If you run an online business, ask a few survey questions after check out, or send a quick survey to your customers. Call them. People like to talk, and people like to be asked their opinion. The negative criticism may be hard to hear, but it’s well worth hearing and understanding how you can change things to make your business better for your customers.

9. You need to know your competitors

You need to know and understand both your direct and indirect competitors. You always need to keep an eye on your competitors, understand what they are doing, how they market, what their pricing is, etc.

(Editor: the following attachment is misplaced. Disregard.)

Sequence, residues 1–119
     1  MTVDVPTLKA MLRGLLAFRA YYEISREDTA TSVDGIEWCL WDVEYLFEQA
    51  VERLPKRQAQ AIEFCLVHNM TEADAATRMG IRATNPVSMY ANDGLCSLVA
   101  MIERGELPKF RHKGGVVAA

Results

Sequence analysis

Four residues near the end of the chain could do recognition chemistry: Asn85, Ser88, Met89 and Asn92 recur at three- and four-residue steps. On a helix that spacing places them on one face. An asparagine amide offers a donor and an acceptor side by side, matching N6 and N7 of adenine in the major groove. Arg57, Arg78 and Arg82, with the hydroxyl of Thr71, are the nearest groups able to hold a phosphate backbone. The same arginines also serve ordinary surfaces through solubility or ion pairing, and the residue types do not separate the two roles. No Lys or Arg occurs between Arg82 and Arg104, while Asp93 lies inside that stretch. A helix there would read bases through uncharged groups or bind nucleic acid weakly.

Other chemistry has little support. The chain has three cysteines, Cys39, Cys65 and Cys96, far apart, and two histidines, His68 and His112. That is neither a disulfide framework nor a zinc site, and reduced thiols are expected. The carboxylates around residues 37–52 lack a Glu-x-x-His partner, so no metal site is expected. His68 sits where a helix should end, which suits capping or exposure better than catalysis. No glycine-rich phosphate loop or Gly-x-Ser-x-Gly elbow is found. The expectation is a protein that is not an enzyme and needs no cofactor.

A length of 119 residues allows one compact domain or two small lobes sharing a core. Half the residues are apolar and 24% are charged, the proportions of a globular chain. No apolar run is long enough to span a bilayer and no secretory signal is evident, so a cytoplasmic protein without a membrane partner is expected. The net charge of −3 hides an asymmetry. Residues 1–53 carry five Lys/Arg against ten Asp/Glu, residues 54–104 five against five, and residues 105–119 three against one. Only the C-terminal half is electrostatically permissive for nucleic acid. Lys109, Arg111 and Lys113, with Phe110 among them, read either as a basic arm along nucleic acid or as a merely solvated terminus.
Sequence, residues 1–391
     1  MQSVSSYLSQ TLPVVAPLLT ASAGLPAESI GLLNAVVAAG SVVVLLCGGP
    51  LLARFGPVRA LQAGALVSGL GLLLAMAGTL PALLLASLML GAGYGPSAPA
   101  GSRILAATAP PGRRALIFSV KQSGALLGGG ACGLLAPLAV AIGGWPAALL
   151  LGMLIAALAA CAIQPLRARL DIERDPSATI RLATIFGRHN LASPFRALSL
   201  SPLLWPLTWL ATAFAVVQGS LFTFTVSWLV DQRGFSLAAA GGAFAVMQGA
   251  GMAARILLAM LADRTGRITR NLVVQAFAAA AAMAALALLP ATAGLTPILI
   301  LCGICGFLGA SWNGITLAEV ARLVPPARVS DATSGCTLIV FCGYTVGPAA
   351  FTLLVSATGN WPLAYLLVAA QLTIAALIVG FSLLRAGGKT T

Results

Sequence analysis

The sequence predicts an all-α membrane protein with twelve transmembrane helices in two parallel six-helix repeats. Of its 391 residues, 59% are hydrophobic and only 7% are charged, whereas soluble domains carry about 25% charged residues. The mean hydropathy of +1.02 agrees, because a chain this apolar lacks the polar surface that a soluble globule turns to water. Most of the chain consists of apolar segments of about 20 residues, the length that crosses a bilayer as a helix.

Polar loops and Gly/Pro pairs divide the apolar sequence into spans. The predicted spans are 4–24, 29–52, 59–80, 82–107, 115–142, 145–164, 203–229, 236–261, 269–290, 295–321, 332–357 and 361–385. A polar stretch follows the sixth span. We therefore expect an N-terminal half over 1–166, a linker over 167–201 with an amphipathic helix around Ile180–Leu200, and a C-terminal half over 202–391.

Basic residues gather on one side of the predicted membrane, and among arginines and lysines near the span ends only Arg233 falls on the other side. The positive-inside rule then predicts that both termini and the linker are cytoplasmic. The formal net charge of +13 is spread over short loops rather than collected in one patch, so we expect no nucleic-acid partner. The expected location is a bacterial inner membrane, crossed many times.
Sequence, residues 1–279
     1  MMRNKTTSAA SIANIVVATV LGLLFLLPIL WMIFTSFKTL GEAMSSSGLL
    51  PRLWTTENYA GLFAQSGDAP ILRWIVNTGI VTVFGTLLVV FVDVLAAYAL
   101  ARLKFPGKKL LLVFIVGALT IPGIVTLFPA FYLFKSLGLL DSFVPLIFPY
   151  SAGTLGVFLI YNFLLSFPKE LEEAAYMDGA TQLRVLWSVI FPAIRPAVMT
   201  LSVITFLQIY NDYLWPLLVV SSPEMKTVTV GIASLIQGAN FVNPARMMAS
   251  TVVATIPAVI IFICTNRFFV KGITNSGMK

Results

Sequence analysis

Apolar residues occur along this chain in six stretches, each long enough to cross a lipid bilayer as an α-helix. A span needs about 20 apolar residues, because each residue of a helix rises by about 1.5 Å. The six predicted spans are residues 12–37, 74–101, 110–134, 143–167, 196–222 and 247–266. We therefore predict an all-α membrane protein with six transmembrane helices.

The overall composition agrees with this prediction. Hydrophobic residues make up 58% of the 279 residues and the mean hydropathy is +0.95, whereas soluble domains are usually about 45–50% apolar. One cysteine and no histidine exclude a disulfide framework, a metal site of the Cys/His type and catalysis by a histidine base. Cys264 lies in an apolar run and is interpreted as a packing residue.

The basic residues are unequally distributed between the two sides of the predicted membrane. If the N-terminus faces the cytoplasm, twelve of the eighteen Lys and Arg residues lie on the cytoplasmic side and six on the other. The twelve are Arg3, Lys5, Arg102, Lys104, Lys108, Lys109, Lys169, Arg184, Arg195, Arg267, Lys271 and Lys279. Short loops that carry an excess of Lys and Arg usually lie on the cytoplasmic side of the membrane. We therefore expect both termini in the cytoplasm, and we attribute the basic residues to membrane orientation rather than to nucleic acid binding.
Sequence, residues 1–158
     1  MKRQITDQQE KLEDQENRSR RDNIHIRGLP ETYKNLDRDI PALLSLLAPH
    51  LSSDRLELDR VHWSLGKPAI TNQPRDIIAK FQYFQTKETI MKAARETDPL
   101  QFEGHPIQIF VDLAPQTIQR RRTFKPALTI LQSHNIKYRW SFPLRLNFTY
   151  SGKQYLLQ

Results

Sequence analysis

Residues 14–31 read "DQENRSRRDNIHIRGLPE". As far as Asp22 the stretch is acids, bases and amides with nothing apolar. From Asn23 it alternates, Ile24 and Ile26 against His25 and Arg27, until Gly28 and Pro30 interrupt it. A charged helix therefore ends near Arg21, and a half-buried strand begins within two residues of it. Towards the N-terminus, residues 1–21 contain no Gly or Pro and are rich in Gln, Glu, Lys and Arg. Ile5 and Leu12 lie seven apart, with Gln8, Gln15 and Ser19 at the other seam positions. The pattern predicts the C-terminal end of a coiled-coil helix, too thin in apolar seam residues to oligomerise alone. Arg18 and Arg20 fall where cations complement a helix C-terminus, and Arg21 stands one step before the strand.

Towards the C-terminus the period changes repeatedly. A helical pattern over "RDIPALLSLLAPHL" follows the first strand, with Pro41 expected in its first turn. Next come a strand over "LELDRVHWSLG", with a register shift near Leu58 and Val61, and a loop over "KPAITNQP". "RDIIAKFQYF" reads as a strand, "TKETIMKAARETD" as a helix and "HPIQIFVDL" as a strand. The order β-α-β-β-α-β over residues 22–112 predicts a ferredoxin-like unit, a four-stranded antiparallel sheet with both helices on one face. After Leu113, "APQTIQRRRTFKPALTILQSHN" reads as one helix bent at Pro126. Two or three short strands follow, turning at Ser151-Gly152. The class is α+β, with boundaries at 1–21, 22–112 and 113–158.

You may be unique in your town, or in your industry and not have direct competitors—but that doesn’t mean you don’t have indirect competitors. A local do-it-yourself tie-dye shop in my town has no direct competitors.

But they offer activity-based events, and compete with all the other establishments that do birthday parties and events for groups. They also compete with the Saturday Fairs and Markets that have other tie-dye vendors. They need to know how to position themselves against all the indirect competitors—even though they don’t have direct competitors.

10. You need to have a higher purpose: a mission

People like to work for businesses that are more than just a machine for making money. That doesn’t mean that you can’t have sales goals, and profit goals; it just means that your employees will work harder and be more loyal if they feel like they are contributing to a greater mission.